• Handlebar Stache
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  • Posts: 1603
  • Age: 38
  • Location: Midwest
Do you need the internet + a smartphone with a traditional plan?  That's $130 a month.  It seems like you could a) maybe do something similar to the recent MMM phone article (where you could use your smartphone picking up the wifi from your internet) or b) drop the internet and use the data that comes with your smartphone plan.  I guess it depends how flexible your plans are and how important Netflix is to you.


  • Handlebar Stache
  • *****
  • Posts: 1090
  • Location: Canada
I'm not sure where in the great white north you are, but start shopping at superstore/no frills/extra foods if possible.  The savings in produce alone will amaze you.

If you aren't tied to your ISP, there are some low-cost ones as well.


  • 5 O'Clock Shadow
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  • Posts: 14
This is pretty straightforward. Food spending is too high - I'm spending a bit over $300 a month on myself (and occasionally for the lady) and I'm wondering what is wrong with me. Can't you sell your car? And longboard/bike to work?


  • 5 O'Clock Shadow
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  • Posts: 22
The question that I have is do you have a pension plan at work? 

I assume that you do since it is a union shop.  I assume that it is a non-contributory plan, but if it isn't, do maximize the contributions as soon as possible.  This is especially important if you plan to retire from this job and get a monthly pension.  If you do not plan to retire from this job do not maximize it beyond their matching amount.

Before you pay anymore on your Registered Retirement Savings Plan, (RRSP) loan, maximize your Tax Free Savings Account (TFSA), including the January 2013 amount of $5,500.  Note that the allowed contibution will increase by $500 next year.  As you know all income is tax free and you can make withdrawals for any purpose so that you can treat it as as emergency fund.  So it has two functions even three if you use it for your travel fund.  For your long term planning this will be a major part of your long term income in your retirement.

At the same time pay of your car as soon as possible.  I will assume that you keep it although others have mentioned the advantages of selling it.

If you have a pension then you will have little use for RRSP's for retirement funding purposes.  You will need them for tax savings though.

As there is no interest on the RRSP loan I would suggest that you only pay the minimum each year so that the loan is paid off in the ten years.  The other amounts that you are currently paying in excess of the minimum can be used for other investments.

When you need to reduce your income taxes then contribute to your RRSP for only the income tax savings.  If you do not have enough cash then take it out of the TFSA and then repay it with the tax refund and be sure that the loan is paid off by the next tax year.  You will lose a year of tax free growth but it is better than not putting money into the RRSP for the tax savings.

With a fully funded TSFA you will be able to use it for supplementing your pension in your post age 65 retirement.

I am going to assume that you are going to retire prior to age 65 when your Old Age Pension begins.  Note that it may be reduced if you have too much income, called a Clawback.  That is why the TFSA is better as the income from it does not contribute to the Clawback while RRSP income does.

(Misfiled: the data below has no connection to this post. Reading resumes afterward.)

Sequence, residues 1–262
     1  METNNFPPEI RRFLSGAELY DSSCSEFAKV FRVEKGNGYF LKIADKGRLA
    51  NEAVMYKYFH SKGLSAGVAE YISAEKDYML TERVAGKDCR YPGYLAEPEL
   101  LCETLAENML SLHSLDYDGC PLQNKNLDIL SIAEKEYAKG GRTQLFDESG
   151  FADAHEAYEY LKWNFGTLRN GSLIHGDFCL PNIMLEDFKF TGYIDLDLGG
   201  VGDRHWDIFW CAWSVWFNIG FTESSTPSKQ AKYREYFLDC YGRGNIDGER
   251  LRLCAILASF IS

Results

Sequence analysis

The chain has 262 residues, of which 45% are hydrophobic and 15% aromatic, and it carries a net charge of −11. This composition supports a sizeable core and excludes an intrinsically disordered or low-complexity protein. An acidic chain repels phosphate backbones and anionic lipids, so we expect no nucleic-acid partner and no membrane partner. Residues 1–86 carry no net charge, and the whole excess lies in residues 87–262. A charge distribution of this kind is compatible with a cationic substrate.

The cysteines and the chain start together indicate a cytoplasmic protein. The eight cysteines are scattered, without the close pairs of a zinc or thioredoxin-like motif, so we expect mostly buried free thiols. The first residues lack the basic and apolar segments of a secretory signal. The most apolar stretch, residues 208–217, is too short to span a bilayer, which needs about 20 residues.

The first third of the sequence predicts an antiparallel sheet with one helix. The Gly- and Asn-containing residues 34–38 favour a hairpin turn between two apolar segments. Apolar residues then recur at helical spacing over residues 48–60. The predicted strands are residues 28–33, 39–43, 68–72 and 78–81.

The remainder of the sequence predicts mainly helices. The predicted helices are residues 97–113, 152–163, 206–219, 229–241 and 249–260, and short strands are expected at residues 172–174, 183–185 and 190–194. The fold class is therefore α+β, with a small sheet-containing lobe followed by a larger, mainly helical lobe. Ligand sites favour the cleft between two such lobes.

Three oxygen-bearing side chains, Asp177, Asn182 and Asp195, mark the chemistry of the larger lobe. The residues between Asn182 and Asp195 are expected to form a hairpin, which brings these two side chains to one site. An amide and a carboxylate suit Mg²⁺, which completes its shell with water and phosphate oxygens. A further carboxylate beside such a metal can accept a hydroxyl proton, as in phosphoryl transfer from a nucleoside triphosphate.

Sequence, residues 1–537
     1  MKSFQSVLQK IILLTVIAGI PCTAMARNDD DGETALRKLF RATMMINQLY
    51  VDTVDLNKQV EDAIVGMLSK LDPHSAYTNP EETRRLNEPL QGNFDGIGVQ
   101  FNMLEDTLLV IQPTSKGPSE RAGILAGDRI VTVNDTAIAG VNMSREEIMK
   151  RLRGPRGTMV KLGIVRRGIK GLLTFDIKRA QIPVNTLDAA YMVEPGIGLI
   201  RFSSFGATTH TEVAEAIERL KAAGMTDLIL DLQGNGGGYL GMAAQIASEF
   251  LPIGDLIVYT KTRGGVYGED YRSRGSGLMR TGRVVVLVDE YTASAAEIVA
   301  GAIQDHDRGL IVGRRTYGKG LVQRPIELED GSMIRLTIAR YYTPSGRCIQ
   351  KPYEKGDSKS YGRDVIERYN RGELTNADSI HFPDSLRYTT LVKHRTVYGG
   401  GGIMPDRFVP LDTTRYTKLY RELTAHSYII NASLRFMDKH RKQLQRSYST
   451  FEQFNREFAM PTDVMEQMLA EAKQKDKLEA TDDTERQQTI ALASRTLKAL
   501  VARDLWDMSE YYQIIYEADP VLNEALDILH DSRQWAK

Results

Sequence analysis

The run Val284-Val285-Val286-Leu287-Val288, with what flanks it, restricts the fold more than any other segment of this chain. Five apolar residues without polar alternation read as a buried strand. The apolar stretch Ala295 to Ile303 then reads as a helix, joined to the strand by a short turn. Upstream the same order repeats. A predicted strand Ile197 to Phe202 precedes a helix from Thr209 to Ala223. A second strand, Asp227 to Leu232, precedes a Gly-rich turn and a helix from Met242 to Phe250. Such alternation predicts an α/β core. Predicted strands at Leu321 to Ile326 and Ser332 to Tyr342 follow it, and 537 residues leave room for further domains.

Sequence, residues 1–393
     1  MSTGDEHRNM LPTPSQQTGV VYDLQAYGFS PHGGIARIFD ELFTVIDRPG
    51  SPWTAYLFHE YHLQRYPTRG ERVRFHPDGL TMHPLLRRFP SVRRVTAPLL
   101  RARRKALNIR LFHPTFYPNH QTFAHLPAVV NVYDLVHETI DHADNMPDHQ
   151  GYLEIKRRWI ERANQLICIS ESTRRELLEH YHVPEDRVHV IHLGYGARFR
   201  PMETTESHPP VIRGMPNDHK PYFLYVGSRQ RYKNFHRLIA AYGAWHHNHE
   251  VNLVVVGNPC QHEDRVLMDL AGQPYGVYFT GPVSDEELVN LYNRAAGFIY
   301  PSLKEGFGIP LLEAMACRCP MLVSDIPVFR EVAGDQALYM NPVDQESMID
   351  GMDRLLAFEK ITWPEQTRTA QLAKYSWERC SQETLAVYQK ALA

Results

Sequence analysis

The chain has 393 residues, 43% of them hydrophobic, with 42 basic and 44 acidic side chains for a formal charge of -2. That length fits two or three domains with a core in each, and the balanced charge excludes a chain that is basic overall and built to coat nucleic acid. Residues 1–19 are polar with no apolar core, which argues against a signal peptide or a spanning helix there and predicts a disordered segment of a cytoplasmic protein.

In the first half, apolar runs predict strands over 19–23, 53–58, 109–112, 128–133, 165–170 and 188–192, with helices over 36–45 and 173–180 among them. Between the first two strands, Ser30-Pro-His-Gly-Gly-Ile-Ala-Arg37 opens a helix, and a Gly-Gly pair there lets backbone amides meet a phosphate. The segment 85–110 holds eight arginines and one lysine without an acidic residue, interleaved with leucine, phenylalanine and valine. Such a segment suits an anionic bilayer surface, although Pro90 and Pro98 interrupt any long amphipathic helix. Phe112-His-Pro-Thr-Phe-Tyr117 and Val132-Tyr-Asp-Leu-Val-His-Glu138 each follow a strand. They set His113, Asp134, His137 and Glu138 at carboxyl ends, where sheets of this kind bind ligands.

Start your Canada Pension Plan as needed.  There will be a reduction prior to age 65 and a supplement between 65 and 70.

The question is what do you do from the time you retire and age 65 when you can get your Old Age Pension.  I would suggest that you take out lump sums out of your RRSP.  You will pay little tax as they are taxed in the same way as employment income, that is 100% is taxable.  If you are at a union shop there may be an option or retiring at 55 with a reduced pension.  This will give you a base income which you will be able to supplement with other income such as the RRSP's as well as a benefit package for your medical. 

You should consider purchasing rental units which would also supplement the pension.  This can be done on a favourable tax basis as you can live in the house, pay it off, buy another and then rent the first one.  There will be a deemed disposition of your first house when you change it from a principal residence to a rental.  There will be no capital gains, but the cost base of the rental will be the fair market value at the day of the change.  You then should continue to do this time and time again.  If you are not landlord material consider buying vacant land and then deal with the taxable capital gains wen you sell it (In Canada we are only taxed on 1/2 of the gain).  This rental income will supplement your pension income and allow you an early retirement.

Obviously a spouse will change this senario.  If she does not have a pension at work then you can contribute in a Spousal RRSP where you get the deduction and she gets the income later when she starts to collect it by way of a Registered Retirement Income Fund (RRIF).  She should also maximize her own TFSA.  Any rental unit or vacant land should be jointly owned to share the income tax liability.

If you retire with no pension from work, you will have to rely on RRSP's as retirement income not just for income tax purposes.  Any pension will be transferred to a locked in RRSP from which you will have to draw a monthly pension.  You will have to supplement your provincial medical plan with a private one untill age 65 unless you have spousal coverage.

In conclusion"
1. Maximize your TFSA
2. Only pay the minimum on your RRSP loan
3. Use RRSP's for income tax reduction, not for pension purposes
4. Buy and pay off a house with great rental possibilities
5. Buy another and pay it off
6. Retire with an early pension
7. Supplement your pension and rental income with lump sums from your RRSP
8. Keep as much of your CPP and OAP (no clawback)
9. Get a Will and a Power of Attorney now

With more details I can give you more exact information.

Good luck.


Wow, a phone plan for fifteen bucks!